Richard Barone

@Chris O.: Hmmmm... I'm trying to remember when a stage manager scared me... Come to think of it, I suppose most stage managers sometimes scare me! Also, Fred Schneider's "Coconut" from the Nilsson tribute album is not the same as the one Albini did on Fred's solo album of a year later. I produced Fred's tribute version (BTW, it is an AWESOME performance !!!) The arrangement was by me & Fred. The Albini version uses our arrangement, but it is an entirely re-recorded in his style. My song on the Nilsson cd is "I Guess The Lord Must Be In New York City" - and it was a very special project to be a part of. Thanks for the mention! All my best,
Richard

Glenn Kenny

Now might be a good time to point out that Richard's most recent record, "Glow," is really something special.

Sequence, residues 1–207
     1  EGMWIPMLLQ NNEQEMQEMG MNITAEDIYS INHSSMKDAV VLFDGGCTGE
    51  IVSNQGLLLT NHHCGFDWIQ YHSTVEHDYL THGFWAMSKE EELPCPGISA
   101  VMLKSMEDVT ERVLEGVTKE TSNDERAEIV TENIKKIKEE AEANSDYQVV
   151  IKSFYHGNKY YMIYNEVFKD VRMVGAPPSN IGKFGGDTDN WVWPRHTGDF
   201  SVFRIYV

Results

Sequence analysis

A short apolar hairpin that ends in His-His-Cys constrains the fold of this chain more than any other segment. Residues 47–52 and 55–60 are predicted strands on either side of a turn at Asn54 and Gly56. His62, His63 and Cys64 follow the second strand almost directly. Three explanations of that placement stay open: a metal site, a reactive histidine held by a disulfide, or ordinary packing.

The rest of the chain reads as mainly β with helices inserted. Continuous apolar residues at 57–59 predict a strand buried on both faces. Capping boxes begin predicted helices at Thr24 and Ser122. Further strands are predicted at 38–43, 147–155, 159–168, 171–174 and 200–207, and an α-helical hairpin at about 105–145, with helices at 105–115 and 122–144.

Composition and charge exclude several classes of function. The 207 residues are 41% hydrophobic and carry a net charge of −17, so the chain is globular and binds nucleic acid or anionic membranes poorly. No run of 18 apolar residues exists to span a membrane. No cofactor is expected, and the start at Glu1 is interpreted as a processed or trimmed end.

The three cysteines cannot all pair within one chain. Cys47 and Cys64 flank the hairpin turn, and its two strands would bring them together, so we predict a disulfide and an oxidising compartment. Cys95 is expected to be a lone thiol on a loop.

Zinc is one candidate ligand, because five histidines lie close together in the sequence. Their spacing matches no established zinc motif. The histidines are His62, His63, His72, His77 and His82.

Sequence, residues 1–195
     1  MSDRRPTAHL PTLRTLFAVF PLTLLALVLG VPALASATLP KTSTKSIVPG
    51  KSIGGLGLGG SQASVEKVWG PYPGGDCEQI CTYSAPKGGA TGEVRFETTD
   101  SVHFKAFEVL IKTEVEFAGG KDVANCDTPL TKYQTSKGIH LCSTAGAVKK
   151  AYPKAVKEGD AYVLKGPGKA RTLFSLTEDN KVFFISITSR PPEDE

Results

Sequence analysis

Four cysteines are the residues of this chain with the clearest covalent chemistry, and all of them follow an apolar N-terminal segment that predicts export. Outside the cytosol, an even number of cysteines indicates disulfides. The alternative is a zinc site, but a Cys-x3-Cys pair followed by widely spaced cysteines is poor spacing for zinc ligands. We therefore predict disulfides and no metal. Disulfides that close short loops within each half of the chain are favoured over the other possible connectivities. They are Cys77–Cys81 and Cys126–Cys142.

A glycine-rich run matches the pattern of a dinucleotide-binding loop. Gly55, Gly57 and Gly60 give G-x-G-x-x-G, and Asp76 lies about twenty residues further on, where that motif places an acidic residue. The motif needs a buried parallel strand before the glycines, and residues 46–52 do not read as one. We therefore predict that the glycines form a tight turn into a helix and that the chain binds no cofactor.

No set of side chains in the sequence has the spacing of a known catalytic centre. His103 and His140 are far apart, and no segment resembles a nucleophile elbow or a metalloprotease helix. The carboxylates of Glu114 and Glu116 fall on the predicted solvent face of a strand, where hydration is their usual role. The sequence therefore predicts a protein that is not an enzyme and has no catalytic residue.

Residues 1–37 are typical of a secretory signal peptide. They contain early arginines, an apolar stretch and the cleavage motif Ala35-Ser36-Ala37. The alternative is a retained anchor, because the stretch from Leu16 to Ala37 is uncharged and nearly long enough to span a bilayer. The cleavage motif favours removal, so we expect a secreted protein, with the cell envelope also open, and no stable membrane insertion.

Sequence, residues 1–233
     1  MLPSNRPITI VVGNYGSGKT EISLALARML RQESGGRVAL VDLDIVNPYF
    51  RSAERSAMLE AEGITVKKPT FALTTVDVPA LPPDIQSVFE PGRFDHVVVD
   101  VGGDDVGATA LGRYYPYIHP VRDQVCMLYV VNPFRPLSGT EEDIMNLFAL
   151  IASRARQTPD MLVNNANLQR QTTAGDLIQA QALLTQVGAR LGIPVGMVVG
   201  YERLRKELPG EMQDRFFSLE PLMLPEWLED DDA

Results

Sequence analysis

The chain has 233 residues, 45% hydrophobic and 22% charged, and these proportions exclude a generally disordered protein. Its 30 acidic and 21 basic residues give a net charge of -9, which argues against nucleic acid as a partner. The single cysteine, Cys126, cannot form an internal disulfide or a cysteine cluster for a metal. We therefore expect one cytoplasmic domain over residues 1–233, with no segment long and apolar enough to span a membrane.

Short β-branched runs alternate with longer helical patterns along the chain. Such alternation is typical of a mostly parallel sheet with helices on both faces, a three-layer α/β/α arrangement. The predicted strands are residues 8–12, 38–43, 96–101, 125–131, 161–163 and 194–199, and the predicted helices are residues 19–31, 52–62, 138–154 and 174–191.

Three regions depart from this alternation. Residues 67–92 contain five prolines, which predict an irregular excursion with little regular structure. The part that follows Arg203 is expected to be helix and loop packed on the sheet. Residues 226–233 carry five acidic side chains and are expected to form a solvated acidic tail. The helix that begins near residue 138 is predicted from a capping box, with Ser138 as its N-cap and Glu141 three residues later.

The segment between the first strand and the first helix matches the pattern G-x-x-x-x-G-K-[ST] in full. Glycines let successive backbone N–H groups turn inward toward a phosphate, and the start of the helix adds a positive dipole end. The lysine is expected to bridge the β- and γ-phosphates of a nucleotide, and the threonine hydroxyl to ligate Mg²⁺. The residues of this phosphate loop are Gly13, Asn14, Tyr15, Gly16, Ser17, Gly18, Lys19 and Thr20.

Chris O.

@Richard: Thanks for the clarification! Interesting that he re-recorded the same arrangement. But, yeah, it's a wonderful tribute album. (For others reading, Aimee Mann's version of "One" from the same project re-appeared, of course, in PTA's "Magnolia.") And I'll definitely check out "Glow."

The Siren

Ou sont les robes d'antan?

Glenn Kenny

I kept that gown a rather unconscionably long time. I'll have to take that up with my therapist. I wonder if I could fit back into it now?

James Keepnews

Elliot Gould called from the set of Little Murders 41 years ago -- he wants his wig back.

I came to appreciate SF-J's writing after being primed by the transfixing music created by his superb, >ahem<, post-rock band Ui in the 90's. Two basses and drums never sounded more expansive or texturally intrigung, not even if Coxsone Dodd was recording it. Or Spinal Tap.

In the main, I like his writing not-as-much, but plenty enough, with a couple few caveats. E.g., that white-man's-burden 2.0 essay will more and more prove "White Negro/My Negro Problem" embarrassing for the Mr. F-J as time wears on, but what can I say? I'll go see the Bad Brains or TV on the Radio -- Christ a'mighty, to say nothing of Other Dimensions in Music! -- in a cracker heartbeat over Animal Collective or fill in the Kings County band blank. And, anyways, us musician/writer types gotta stick together...right, Dave Barry?